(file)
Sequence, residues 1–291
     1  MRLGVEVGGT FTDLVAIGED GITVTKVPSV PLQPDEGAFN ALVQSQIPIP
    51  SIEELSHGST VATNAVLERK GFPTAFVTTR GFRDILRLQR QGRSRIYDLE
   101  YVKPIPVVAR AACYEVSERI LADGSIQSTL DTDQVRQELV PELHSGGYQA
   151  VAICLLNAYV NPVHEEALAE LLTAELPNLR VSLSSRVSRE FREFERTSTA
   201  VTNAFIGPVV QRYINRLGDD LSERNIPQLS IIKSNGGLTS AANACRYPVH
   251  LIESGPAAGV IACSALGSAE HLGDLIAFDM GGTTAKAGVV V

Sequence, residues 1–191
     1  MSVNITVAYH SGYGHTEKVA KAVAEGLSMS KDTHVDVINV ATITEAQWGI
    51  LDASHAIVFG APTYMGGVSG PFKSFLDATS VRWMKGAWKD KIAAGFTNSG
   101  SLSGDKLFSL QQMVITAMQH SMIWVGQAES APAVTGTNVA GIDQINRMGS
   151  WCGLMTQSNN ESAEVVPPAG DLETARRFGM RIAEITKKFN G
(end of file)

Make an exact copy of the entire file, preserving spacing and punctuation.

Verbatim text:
Sequence, residues 1–291
     1  MRLGVEVGGT FTDLVAIGED GITVTKVPSV PLQPDEGAFN ALVQSQIPIP
    51  SIEELSHGST VATNAVLERK GFPTAFVTTR GFRDILRLQR QGRSRIYDLE
   101  YVKPIPVVAR AACYEVSERI LADGSIQSTL DTDQVRQELV PELHSGGYQA
   151  VAICLLNAYV NPVHEEALAE LLTAELPNLR VSLSSRVSRE FREFERTSTA
   201  VTNAFIGPVV QRYINRLGDD LSERNIPQLS IIKSNGGLTS AANACRYPVH
   251  LIESGPAAGV IACSALGSAE HLGDLIAFDM GGTTAKAGVV V

Sequence, residues 1–191
     1  MSVNITVAYH SGYGHTEKVA KAVAEGLSMS KDTHVDVINV ATITEAQWGI
    51  LDASHAIVFG APTYMGGVSG PFKSFLDATS VRWMKGAWKD KIAAGFTNSG
   101  SLSGDKLFSL QQMVITAMQH SMIWVGQAES APAVTGTNVA GIDQINRMGS
   151  WCGLMTQSNN ESAEVVPPAG DLETARRFGM RIAEITKKFN G